Pretrial proceedings included lengthy motions in limine regarding the admission of evidence of the defendants' prior bad acts and of expert testimony on gang behavior. The State sought to introduce this evidence to prove a motive for the murders: the defendants killed the victims

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because the victims did not accord them the appropriate respect and were usurping the defendants' economic drug turf, and because the defendants thought of themselves as being members of a superior gang.

The trial court determined there was a nexus between gang culture, gang activity, gang affiliation, drugs, and the homicides of Darcheville and Randall. Based on this determination, it allowed the introduction of evidence of Campbell's gang affiliation and drug selling activity. It also ruled admissible expert testimony on gang culture for the purpose of showing premeditation, intent, motive, and opportunity. However, the trial court carefully limited the testimony, excluding matters that it considered more prejudicial than probative. For example, the trial court excluded evidence of Campbell's December 1988 robbery conviction; of police investigations connecting Campbell to a stabbing incident and to a shooting incident; expert opinion that the Mansfield Gangster Crips are particularly adept at selling drugs and deal drugs in cities other than Los Angeles; and expert opinion about the meaning of dark clothing and that gang members ordinarily carry and use guns.

Campbell made repeated motions to sever his trial from Youngblood's and repeated motions for continuances. The trial court denied these motions. It also overruled his objection to the May 11, 1992, filing of an amended information adding first degree burglary as an additional basis for felony murder.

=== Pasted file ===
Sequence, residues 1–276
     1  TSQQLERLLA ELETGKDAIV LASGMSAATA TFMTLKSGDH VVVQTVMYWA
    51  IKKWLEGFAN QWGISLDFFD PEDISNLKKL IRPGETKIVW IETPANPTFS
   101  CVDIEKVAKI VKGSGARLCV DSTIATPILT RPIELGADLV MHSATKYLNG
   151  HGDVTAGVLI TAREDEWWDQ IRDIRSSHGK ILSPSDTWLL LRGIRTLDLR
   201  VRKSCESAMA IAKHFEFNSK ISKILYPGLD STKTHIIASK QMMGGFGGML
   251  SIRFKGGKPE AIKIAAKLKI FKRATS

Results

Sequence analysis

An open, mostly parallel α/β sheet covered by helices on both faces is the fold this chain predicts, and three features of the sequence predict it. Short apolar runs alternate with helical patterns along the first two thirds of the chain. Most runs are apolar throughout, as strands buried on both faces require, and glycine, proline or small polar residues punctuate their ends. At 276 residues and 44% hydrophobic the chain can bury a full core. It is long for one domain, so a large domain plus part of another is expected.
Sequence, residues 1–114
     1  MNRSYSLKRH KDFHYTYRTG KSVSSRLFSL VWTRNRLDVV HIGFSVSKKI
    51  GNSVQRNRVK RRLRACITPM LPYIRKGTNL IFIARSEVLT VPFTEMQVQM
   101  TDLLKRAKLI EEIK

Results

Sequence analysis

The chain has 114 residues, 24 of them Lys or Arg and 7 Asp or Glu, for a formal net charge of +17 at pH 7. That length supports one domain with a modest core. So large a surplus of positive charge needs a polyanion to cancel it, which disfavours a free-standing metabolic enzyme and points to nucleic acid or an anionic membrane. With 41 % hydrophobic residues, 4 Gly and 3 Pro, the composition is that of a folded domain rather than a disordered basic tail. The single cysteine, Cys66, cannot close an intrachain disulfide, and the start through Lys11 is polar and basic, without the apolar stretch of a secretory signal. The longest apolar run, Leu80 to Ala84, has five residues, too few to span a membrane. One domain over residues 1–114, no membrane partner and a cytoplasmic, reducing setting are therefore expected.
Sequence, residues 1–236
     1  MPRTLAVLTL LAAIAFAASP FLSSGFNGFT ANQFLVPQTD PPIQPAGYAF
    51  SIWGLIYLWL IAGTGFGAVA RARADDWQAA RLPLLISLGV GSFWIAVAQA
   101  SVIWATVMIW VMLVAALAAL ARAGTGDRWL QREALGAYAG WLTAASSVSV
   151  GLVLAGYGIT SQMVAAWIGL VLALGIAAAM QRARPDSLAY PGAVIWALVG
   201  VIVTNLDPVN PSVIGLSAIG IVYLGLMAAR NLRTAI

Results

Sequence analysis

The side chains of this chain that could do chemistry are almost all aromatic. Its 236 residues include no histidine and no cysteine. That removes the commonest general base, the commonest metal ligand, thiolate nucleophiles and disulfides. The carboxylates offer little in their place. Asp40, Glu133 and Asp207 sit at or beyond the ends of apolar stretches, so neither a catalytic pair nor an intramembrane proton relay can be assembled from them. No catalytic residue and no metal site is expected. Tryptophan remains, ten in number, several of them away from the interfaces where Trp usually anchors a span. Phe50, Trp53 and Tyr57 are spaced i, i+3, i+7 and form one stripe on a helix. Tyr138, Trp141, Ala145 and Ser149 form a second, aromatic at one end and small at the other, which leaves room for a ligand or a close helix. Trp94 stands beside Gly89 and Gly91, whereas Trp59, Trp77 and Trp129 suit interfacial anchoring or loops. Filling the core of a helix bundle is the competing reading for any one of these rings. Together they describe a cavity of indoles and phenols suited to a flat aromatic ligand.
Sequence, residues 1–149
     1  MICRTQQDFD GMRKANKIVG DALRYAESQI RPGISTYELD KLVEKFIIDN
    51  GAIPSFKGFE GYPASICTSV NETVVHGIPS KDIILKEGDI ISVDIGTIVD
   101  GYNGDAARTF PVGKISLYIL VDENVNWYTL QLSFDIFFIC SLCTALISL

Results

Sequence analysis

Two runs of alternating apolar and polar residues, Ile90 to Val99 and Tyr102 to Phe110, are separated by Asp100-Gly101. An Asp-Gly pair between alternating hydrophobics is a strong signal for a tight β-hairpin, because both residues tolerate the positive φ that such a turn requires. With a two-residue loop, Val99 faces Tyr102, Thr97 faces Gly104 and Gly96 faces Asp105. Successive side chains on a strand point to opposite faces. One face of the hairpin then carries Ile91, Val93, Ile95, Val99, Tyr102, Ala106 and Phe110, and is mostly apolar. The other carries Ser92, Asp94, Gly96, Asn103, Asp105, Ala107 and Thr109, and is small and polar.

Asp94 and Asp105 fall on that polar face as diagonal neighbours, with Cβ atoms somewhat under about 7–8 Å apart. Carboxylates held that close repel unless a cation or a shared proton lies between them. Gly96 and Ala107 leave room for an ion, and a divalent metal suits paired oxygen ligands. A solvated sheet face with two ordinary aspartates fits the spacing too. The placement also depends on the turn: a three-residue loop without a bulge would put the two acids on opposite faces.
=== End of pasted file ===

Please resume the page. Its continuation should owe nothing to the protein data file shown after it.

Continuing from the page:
The jury found Campbell guilty of both counts of felony murder in the first degree and of conspiracy to commit premeditated first degree murder. It acquitted him of premeditated first degree murder.


Campbell contends that the trial court erred in joining his case with Youngblood's, or, in the alternative, in denying his repeated motions to sever his case from Youngblood's. The State charged Youngblood with the same

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crimes with which it had previously charged Campbell. Thus, joinder was appropriate. See CrR 4.3(b)(1).

Campbell argues severance was necessary (1) to protect Youngblood's speedy trial rights; (2) to protect his right to confront witnesses; and (3) to protect him from being tarred by evidence regarding Youngblood's gang membership.

[1] The law does not favor separate trials. State v. Grisby, 97 Wn.2d 493, 506, 647 P.2d 6 (1982), cert. denied, 459 U.S. 1211 (1983). We review the denial of a motion to sever for abuse of discretion. Grisby, 97 Wn.2d at 507. " 'Separate trials should be required only in those instances in which an out-of-court statement by a codefendant expressly or by direct inference from the statement incriminates his fellow defendant.'" Grisby, 97 Wn.2d at 507 (quoting State v. Ferguson, 3 Wn. App. 898, 906, 479 P.2d 114 (1970), review denied, 78 Wn.2d 996 1971)). A limiting instruction is ineffective and severance is appropriate only when testimony includes "powerfully incriminating extrajudicial statements of a codefendant." State v. Dent, 123 Wn.2d 467, 486, 869 P.2d 392 (1994) (quoting Bruton v. United States, 391 U.S. 123, 135-36, 88 S. Ct. 1620, 20 L. Ed. 2d 476 (1968)).

[2] Campbell's arguments are not persuasive. First, he cannot assert Youngblood's speedy trial rights. Only Youngblood has standing to do this. See State v. Gutierrez, 50 Wn. App. 583, 591-92, 749 P.2d 213, review denied, 110 Wn.2d 1032 (1988).

His second concern about confrontation relates to exhibit 228-B, a letter that Youngblood wrote to Campbell. "Juice," Campbell's street name, was not redacted from the letter. In the letter, Youngblood asks Campbell if Campbell is going to help him by saying what Youngblood told Campbell to say in a prior letter. However, nothing in the letter expressly or by direct inference incriminates Campbell in the murders of Darcheville and Randall; it does not contain the sort of powerfully incriminating information that would make severance mandatory.